The Flesh

The flesh is a big sucking vacuum of rapacious desire guided by a giant mass of proud stupidity.

7 Responses to “The Flesh”

  1. K.L.B.  

    Aye, but it tastes so good! You like making them, I like eating them! Bon apetit! Oh… and that noise you hear IS coming from south of the border, just like Ross said it would.

  2. Anthony Velez  

    C’mon Kevin you know I mean the principle of falleness that blights the human condition, and not the tasty meats we enjoy of lower life forms. If I was talking about that kind of flesh I would have been using adjectives like “succulent” “tender” and “savory.”

  3. K.L.B.  

    It’s all the same.

  4. Anthony Velez  

    Actually, the idea that it’s all the same is a symptom of how Greek philosophy has negatively influenced biblical anthropology. In dominant strains of Greek philosophy sins arise because the bad (corrupt) body (aka flesh) distracts and distorts the pure soul. Whereas the Bible consistently conceives of the body (flesh) as good, and integral to being human. When Paul speaks of the flesh, he is conceiving of the principle of human autonomy that eclipses God. This is why the flesh is often opposed to the Spirit, as both are possible sources for funding human life.

  5. K.L.B.  

    While, of course, I respect your scholarliness, I must say that the very word “flesh” – which is that to which I presume to which you mean, which also is “carnal,” as in our “carnal nature,” has this etymological basis: c.1400, “fleshly, sensual, sexual,” from M.L. carnalis “natural, of the same blood,” from L. carnis “of the flesh,” gen. of caro “flesh”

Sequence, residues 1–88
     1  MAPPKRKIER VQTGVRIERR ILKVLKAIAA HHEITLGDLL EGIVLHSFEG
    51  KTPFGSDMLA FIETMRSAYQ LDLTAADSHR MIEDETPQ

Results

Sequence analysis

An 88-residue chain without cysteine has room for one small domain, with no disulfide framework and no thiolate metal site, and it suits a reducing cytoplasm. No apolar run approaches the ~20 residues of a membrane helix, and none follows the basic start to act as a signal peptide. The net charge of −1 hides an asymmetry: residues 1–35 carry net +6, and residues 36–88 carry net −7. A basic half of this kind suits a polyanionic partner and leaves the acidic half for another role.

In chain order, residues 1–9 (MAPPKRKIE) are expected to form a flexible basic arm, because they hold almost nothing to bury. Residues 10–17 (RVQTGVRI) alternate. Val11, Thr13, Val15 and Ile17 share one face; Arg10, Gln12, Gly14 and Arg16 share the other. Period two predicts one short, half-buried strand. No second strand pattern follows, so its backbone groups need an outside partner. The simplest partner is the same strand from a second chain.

The fleshly, or carnal nature, is one that appeals to our physical nature – our carnal nature – our unredeemed nature, if you prefer. It is that unredeemed nature – the one of a pagan – that seeks to have it’s own desires fulfilled.

    Indeed, however, our bodies are not bad. God made them and called them good. They are not evil, and rather are a reflection of us – for our soul and our body are one. They are unified, if you prefer to think of it that way.

    By your response, it seems that there may be some misunderstanding. of course, so this may be a mere matter of what we are perceiving the other to be ‘saying’ rather than a genuine “symptom of how Greek philosophy has…”

  6. Anthony Velez  

    I was just a bit confused about your response regarding the flesh tasting so good since my post wasn’t quite about flesh in the sense of meat, but rather, as you say, the unredeemed nature. In reading your response to my response, I think that we agree about what the scriptures generally mean by the flesh. And, in thinking this through, it seems to me that you may have just been having fun with the ambiguity of this term, and so, please pardon and ignore my unnecessary theological exposition.

  7. K.L.B.  


    Now… what’s for supper? I’m hongry!

    Got any tri-tip?

    New Castle Brown Ale would be good with that, don’cha’ reckon?